ICE welcomes calls for further devolution to London

The London Finance Commission has published a new report calling for the devolution of taxes to City Hall

Suzanne Moroney, ICE London Director, went on LondonLive to speak about the proposals.
Suzanne Moroney, ICE London Director, went on LondonLive to speak about the proposals.

ICE London has welcomed major new proposals for London devolution in a report by the London Finance Commission on 27 January.

The report sets out a number of taxes that could be devolved to City Hall to improve decision making in London. These include the devolution of business rates, council tax and stamp duty.

The Commission, a group of cross-party political and business leaders led by Professor Tony Travers from the London School of Economics, also proposed a number of measures that could change the way infrastructure is funded in the Capital.

These include the capture of land value uplift which would ensure London would be able to afford infrastructure projects like Crossrail 2 through the rise of property prices in the areas surrounding the new stations.

The report also called for London to work with the wider South East when making bids for infrastructure investment from central Government.

ICE London Director Suzanne Moroney went on LondonLive to discuss the report. Commenting on the findings, she said:

"We welcome the findings of the London Finance Commission as a positive step towards London taking greater control of its own destiny. As a city with a population of more than 8 million, London needs to examine how it can fund its own infrastructure improvements and how it will develop.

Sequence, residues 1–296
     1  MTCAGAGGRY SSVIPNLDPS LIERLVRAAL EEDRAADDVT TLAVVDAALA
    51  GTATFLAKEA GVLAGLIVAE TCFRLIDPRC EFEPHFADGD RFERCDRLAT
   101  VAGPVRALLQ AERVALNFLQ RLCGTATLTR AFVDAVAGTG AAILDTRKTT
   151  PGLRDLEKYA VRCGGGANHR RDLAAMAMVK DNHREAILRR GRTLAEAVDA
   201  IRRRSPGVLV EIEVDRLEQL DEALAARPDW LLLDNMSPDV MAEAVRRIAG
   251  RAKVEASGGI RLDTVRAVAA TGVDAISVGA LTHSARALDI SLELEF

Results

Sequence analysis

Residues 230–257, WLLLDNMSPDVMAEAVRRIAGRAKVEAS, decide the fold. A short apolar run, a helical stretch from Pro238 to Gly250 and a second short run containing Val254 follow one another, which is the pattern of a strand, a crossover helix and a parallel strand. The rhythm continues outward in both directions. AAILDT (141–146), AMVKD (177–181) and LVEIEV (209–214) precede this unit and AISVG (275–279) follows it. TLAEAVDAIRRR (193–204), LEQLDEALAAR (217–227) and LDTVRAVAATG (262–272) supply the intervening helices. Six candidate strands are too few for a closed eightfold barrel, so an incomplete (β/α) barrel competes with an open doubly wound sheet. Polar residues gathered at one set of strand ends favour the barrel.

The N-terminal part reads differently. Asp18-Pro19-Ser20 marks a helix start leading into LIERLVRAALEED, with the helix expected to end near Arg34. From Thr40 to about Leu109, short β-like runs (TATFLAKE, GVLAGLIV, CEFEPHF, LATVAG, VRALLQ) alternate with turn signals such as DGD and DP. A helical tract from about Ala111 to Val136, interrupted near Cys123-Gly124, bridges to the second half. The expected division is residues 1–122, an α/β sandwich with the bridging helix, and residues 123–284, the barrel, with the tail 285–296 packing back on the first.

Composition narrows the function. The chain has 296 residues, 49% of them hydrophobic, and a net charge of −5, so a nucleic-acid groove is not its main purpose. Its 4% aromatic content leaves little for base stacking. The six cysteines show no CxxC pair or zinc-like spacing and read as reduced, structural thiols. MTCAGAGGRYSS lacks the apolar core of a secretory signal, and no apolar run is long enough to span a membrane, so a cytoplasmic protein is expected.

"The London Infrastructure Plan 2050 calculated that £1.3 trillion in infrastructure investment would be required in the capital over the next half century. City Hall will not be able to meet this bill on its own, so raising funds through land value capture, private investment and a range of innovative financial instruments will be vital to ensuring London's successful growth."

"We also support the recommendation that London works with the wider South East to develop infrastructure funding proposals. Infrastructure issues take little notice of political boundaries, so it is important that all regional policy makers are able to speak as one to central Government. With the establishment of the National Infrastructure Commission (NIC) last year, there has never been a better time for our capital to make the case for major infrastructure projects like Crossrail 2."

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